Asians' appetite for high-end electronics is putting them in street-gangs' crosshairs.

Late-model mobile phones are a hot demand item for thieves on the prowl in Auckland's central city, police say.

"Mobile phones are a commonly targeted item because they are easy to conceal, remove, and are very valuable and disposable," a police spokeswoman said.

Two weeks ago, two teenage girls accosted a 25-year-old Thai waitress in Aotea Square while another snatched and ran off with the woman's $1000 iPhone 6.

Last month, a 22-year-old Chinese international student said an apparently homeless man also made off with her iPhone 6 in Freyberg Square after he borrowed it to make an emergency call.

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Auckland's Asian communities have been on edge following a recent spate of attacks, and some fear they are now the main target for thieves in the CBD.

"Asians are the target because thieves believe they always have the latest models of mobile phones, and also carry a lot of cash," said Songvut Manoonpong, president of the New Zealand Thai Society.

A woman who claims to know the inner workings of city thieving gangs said teenage girls were used on the "frontline" to steal hot-ticket items such as iPhones, iPads and iPods.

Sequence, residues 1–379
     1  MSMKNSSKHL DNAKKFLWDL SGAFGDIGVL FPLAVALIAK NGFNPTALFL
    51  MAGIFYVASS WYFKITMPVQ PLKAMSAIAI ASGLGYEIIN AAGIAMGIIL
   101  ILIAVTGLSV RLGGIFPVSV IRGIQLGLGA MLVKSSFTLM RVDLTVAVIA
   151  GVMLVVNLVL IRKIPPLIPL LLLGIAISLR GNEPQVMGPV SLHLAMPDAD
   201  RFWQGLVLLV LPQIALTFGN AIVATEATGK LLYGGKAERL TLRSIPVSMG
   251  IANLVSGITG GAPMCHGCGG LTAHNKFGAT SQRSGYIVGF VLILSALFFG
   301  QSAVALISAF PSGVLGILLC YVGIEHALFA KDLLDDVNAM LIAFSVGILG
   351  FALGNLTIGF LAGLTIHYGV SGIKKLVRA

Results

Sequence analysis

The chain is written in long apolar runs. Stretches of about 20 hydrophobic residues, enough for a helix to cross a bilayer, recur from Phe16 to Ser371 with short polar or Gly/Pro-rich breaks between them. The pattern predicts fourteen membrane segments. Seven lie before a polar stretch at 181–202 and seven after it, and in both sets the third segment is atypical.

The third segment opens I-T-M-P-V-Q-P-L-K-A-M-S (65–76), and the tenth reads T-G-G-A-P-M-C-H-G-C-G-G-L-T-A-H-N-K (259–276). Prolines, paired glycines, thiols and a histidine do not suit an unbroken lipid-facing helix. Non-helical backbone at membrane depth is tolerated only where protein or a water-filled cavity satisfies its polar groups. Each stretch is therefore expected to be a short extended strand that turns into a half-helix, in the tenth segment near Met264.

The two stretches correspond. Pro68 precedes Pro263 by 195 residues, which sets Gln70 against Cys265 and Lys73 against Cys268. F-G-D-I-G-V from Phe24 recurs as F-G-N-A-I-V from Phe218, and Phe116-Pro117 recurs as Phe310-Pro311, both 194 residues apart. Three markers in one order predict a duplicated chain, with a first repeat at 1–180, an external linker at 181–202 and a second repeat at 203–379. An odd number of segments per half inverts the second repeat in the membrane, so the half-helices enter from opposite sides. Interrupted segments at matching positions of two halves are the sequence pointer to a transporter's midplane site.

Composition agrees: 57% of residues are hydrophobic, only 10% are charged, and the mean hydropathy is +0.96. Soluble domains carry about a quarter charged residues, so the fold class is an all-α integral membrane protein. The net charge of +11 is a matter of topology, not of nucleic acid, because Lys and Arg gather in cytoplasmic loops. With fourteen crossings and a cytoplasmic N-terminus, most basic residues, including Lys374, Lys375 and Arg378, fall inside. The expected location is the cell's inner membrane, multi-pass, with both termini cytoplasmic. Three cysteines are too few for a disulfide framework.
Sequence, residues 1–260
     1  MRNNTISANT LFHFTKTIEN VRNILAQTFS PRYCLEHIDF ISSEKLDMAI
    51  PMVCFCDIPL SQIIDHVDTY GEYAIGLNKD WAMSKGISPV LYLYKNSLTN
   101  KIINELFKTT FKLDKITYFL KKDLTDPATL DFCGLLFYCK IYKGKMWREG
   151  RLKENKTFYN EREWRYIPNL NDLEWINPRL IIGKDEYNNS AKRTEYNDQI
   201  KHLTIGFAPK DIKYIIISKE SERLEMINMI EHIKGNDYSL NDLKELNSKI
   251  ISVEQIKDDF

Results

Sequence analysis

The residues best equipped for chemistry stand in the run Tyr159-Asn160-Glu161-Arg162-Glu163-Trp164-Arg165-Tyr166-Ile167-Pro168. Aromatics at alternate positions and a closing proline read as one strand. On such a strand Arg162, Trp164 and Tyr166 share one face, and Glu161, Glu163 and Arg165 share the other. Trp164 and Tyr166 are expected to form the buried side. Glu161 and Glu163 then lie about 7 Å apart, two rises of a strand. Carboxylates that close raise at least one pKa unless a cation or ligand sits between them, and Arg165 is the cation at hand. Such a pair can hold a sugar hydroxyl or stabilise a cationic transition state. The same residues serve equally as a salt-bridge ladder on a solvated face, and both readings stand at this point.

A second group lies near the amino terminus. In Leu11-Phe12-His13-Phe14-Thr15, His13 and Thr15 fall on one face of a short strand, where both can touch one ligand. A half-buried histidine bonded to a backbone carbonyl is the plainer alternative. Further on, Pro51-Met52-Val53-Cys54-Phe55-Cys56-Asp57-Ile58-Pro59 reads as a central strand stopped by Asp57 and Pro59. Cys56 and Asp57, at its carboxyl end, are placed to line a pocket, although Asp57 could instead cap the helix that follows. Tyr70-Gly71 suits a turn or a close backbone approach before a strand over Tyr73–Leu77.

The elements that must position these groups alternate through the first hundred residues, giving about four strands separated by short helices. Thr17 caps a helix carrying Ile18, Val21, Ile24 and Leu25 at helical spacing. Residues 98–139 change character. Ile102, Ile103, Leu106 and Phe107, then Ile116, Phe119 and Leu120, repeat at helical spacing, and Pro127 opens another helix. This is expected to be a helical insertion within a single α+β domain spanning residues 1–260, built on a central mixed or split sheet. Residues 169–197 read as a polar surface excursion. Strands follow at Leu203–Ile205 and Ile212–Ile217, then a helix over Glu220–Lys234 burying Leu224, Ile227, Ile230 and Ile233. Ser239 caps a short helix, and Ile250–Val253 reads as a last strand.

Speaking to the Herald on condition of anonymity, she said Asians were not specifically targeted, but are the most likely to become victims because they were the ones who would have these items.

"The girls would hand the stolen devices to a chief, who will sell them online through sites like Trade Me," she said.

"These girls get paid for doing the job, and they go back out on the streets to do it all over again."

Asians are the target because thieves believe they always have the latest models of mobile phones.

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David Soh, an Auckland Chinese newspaper editor, bought a Samsung Galaxy Note 3 for $310 through Trade Me which turned out to be stolen.

"The phone was defective and when I contacted the seller, all he did was send me a YouTube video link on how to unlock the phone without a password," he said.

Mr Soh called a number that was scribbled on the phone cover, and spoke to a woman who said the phone was stolen from her home earlier this year.

On Friday afternoon, the pair met at Glen Innes Police Station where Mr Soh handed the phone back.

"Police encourage anyone who is a victim of this type of crime to report it to the police," the spokeswoman said.

"Each incident will be assessed on a case-by-case basis and followed up as appropriate."

For advice on how to keep safe, visit: www.police.govt.nz/advice